Withdrawal Symptoms & Timeline When Detoxing From Drugs Or Alcohol Dependency
The withdrawal symptoms and timeline for detoxing from drugs and alcohol differ from substance to substance. Depending on the type of drug the person was taking, how long they were taking it, and the amount they used to take, withdrawal can look different for each case.
For example, someone who took hard drugs such as heroin or cocaine for several years several times a day and in high amounts will have a much more intense withdrawal experience. Likewise, a person who consumes more drugs for a longer time will have a worse withdrawal experience than someone who took fewer drugs for a shorter time.
In addition, the substance that the person was taking has a huge effect on the withdrawal timeline and symptoms. For example, stimulants and opioids tend to have longer withdrawals, while opioids have more intense and unpleasant symptoms. Other drugs like marijuana typically have withdrawal symptoms and tie lines similar to cigarettes or nicotine products.
Alcohol withdrawal differs from drug withdrawal, yet it is also very similar. Alcohol withdrawal symptoms are the same no matter what type of alcohol is being consumed, as long as enough of it was consumed for an extended time to create a dependency.
Alcohol withdrawal will typically be in about 6 hours after you stop drinking. This will include anxiety, nausea, vomiting, sweating, headaches or migraines, sleeplessness, and tremors. More serious symptoms will arise in the next 12 hours to 2 days, including hallucinations and seizures.
After three days, the symptoms will usually stop. However, some people experience high blood pressure, fever, excessive sweating, and confusion.
Benefits of Getting Help For a Drug or Alcohol Dependence
Getting help when struggling with an alcohol or drug dependence is incredibly important. Not only can it change the course of your life for the better, but it can save your life. Drugs and alcohol take thousands of lives yearly, and if you can prevent yourself from becoming another statistic, you must.
The benefits of getting help for a drug or alcohol dependence include getting your life back, increasing your financial stability, repairing relationships with loved ones and romantic partners, gaining back mental clarity, reducing anxiety and depression, and so much more.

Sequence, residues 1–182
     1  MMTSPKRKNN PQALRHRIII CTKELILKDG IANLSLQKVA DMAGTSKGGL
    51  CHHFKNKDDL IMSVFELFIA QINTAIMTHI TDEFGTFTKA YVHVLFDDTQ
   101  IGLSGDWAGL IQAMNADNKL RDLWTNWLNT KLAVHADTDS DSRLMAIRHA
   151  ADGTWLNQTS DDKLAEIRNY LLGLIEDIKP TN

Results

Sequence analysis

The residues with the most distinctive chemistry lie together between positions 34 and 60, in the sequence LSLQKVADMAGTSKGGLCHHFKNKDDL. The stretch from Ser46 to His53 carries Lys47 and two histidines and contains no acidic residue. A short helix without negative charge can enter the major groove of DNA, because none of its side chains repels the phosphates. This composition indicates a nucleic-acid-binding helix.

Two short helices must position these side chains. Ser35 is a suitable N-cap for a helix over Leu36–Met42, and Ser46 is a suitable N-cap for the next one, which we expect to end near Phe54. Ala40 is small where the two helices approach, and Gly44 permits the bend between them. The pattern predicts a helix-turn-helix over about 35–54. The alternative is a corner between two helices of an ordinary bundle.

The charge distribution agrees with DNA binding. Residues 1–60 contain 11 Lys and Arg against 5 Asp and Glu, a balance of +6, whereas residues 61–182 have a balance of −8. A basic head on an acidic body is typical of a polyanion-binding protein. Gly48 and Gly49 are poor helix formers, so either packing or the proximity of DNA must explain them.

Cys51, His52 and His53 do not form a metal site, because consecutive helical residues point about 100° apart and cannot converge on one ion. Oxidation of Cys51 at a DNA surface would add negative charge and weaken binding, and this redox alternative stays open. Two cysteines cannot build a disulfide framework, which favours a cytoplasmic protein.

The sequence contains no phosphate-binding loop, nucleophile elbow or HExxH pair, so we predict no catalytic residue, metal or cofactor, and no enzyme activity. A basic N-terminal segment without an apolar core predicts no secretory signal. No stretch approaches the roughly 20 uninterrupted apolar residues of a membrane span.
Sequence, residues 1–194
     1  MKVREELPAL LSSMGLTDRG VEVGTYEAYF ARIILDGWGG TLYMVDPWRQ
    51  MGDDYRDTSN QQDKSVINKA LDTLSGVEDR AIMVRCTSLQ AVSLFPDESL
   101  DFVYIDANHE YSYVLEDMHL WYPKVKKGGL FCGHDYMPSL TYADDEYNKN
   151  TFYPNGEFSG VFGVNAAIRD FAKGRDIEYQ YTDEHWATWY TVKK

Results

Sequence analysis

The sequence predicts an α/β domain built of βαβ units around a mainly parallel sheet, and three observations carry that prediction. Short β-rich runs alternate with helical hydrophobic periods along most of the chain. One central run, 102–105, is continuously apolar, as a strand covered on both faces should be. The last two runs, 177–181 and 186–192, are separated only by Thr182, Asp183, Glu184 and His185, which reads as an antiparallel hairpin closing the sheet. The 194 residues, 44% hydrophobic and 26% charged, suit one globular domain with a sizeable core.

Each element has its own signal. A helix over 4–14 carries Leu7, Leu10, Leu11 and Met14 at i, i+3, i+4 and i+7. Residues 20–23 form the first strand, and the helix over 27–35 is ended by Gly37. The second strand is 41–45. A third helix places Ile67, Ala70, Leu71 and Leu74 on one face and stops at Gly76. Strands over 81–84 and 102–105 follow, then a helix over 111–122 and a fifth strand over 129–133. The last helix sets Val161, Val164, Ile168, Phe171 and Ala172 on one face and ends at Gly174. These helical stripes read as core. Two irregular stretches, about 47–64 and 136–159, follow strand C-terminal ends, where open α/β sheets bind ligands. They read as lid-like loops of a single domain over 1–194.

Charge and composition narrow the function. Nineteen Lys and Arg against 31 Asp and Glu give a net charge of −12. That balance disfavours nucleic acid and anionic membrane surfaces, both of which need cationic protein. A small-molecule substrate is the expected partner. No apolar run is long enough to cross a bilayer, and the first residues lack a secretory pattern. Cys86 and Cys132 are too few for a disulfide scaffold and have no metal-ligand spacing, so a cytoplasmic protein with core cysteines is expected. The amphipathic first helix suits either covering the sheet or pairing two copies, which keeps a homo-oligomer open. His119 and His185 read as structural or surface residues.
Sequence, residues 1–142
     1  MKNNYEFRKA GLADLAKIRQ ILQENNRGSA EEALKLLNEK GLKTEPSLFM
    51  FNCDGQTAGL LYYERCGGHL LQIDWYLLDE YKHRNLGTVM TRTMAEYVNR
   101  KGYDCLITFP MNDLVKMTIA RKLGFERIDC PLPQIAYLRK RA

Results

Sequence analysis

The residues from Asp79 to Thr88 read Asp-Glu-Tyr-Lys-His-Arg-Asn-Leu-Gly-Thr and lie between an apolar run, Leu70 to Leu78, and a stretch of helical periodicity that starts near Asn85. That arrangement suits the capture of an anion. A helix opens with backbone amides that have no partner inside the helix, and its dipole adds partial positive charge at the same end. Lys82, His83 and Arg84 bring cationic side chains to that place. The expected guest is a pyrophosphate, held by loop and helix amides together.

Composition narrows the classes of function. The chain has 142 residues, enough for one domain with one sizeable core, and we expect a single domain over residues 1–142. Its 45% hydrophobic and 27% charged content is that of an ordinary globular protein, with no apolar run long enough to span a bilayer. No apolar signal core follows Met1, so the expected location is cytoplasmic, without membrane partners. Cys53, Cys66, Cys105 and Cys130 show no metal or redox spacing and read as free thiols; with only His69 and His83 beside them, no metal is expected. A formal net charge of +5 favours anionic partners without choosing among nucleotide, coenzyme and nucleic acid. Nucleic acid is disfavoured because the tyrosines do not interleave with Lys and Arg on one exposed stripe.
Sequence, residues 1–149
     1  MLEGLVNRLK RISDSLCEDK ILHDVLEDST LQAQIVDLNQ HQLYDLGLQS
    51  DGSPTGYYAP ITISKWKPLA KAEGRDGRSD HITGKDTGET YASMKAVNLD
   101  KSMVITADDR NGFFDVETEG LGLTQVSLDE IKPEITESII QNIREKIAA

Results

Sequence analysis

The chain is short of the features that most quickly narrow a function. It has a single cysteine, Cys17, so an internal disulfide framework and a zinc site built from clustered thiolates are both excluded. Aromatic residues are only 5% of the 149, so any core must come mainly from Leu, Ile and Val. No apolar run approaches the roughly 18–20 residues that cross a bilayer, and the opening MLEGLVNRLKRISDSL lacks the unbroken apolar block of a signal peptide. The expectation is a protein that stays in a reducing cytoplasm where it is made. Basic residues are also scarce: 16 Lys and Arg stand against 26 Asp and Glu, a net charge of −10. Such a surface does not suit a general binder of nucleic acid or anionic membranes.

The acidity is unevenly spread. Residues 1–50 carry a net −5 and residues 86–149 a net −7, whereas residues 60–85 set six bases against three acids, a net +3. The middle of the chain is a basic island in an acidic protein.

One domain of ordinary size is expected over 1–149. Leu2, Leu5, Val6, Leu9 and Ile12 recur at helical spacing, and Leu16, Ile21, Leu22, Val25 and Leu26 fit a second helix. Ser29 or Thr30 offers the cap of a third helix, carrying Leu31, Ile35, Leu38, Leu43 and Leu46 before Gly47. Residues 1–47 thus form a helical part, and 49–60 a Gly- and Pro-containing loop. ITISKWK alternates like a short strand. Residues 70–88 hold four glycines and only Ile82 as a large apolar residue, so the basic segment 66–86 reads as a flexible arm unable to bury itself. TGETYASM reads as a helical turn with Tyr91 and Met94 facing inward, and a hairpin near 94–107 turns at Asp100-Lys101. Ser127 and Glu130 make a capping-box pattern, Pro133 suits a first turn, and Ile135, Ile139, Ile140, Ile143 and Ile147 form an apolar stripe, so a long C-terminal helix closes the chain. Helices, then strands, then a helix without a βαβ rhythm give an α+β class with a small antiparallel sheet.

Your physical and mental health will improve once you stop using substances, even if you use substances to cope with mental disorders. Once substances are out of your body, you can think clearly and make rational decisions about handling your life.
It can allow you to get into therapy which can help with mental disorders and other mental issues. In addition, getting away from substances can help you get better at your job and improve your work ethic. It will also make you feel better about your life because you are now in control of your future.
How to Get Help if Struggling With Drug or Alcohol Dependence
If you are struggling with alcohol or drug dependence, there are ways to get help. Relying on close friends and relatives is a great way to create a support group that can cheer you on through your recovery. They can also help keep you on track during a treatment plan or provide a shoulder to lean on when times get rough.
Another important system you should rely on while beginning your fight against drug or alcohol dependency is treatment facilities, such as detox centers or rehabilitation centers. These centers are designed to treat each person who walks through those doors individually.
Not only are treatment centers the best place to deal with withdrawal symptoms and detoxification, but the professional staff and drug counselors available can help you identify the causes of your dependence on substances.
Dealing with the root cause of why substances took control of your life is difficult. However, with the right staff by your side, you can become so much happier and so much healthier.
Get started on your path to a happier and healthier you at Infinite Recovery. You deserve a life full of freedom from drugs and substances, and we hope you get in touch with us soon.
Infinite Recovery has strict sourcing guidelines and relies on peer-reviewed studies, academic research institutions, and medical associations for our references. We avoid using tertiary references as our sources. You can learn more about how we source our references by reading our editorial guidelines and medical review policy.
1. Better Health Channel. Alcohol and drugs – dependence and addiction – Better Health Channel. Accessed July 26, 2022. https://www.betterhealth.vic.gov.au/health/servicesandsupport/alcohol-and-drugs–dependence-and-addiction